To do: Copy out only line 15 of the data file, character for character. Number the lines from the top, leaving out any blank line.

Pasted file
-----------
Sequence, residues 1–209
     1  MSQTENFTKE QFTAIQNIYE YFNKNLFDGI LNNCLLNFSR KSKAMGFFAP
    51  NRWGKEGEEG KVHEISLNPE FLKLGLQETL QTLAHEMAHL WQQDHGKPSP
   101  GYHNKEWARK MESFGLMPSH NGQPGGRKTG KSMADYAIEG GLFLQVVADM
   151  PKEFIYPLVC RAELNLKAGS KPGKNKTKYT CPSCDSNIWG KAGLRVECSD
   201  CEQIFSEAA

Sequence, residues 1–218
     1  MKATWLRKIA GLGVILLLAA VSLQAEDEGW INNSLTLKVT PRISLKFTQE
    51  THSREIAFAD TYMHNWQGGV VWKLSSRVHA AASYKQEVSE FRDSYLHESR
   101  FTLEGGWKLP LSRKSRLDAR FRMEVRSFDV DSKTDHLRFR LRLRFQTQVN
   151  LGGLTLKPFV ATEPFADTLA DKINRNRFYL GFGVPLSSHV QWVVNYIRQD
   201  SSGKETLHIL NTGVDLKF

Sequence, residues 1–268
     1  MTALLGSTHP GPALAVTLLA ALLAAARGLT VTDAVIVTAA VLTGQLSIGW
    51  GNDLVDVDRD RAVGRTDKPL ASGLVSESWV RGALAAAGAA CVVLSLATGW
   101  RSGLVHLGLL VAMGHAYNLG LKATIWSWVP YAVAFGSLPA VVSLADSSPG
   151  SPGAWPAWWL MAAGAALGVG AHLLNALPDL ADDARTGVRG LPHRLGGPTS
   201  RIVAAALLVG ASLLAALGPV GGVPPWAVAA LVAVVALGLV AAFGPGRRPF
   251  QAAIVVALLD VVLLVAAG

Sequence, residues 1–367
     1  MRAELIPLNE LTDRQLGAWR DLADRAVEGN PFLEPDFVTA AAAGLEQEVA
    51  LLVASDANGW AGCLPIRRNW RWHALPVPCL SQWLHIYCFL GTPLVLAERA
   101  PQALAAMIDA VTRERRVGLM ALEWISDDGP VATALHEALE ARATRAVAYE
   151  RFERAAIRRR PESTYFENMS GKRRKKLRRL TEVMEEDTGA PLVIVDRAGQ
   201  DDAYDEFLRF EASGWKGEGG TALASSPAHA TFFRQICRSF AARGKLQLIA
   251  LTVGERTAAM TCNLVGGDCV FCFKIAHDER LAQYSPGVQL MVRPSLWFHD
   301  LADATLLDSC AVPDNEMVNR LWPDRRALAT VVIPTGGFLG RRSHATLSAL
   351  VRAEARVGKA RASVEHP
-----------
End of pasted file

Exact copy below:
    51  GNDLVDVDRD RAVGRTDKPL ASGLVSESWV RGALAAAGAA CVVLSLATGW